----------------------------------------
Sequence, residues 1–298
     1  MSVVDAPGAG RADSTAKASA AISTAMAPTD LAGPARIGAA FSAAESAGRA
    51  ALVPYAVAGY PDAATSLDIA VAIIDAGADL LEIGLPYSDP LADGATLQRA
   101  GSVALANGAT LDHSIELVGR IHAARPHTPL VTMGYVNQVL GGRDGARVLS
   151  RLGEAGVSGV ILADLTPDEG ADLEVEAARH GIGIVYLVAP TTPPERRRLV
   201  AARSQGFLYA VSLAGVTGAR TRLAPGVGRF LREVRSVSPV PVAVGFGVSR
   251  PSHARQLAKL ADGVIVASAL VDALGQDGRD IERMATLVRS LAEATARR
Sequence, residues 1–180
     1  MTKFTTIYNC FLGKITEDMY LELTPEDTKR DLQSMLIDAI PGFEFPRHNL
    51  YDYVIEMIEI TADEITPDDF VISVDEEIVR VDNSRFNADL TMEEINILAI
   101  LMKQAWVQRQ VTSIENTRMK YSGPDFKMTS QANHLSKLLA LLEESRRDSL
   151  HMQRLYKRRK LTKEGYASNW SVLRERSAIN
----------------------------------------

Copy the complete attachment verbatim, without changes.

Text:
Sequence, residues 1–298
     1  MSVVDAPGAG RADSTAKASA AISTAMAPTD LAGPARIGAA FSAAESAGRA
    51  ALVPYAVAGY PDAATSLDIA VAIIDAGADL LEIGLPYSDP LADGATLQRA
   101  GSVALANGAT LDHSIELVGR IHAARPHTPL VTMGYVNQVL GGRDGARVLS
   151  RLGEAGVSGV ILADLTPDEG ADLEVEAARH GIGIVYLVAP TTPPERRRLV
   201  AARSQGFLYA VSLAGVTGAR TRLAPGVGRF LREVRSVSPV PVAVGFGVSR
   251  PSHARQLAKL ADGVIVASAL VDALGQDGRD IERMATLVRS LAEATARR
Sequence, residues 1–180
     1  MTKFTTIYNC FLGKITEDMY LELTPEDTKR DLQSMLIDAI PGFEFPRHNL
    51  YDYVIEMIEI TADEITPDDF VISVDEEIVR VDNSRFNADL TMEEINILAI
   101  LMKQAWVQRQ VTSIENTRMK YSGPDFKMTS QANHLSKLLA LLEESRRDSL
   151  HMQRLYKRRK LTKEGYASNW SVLRERSAIN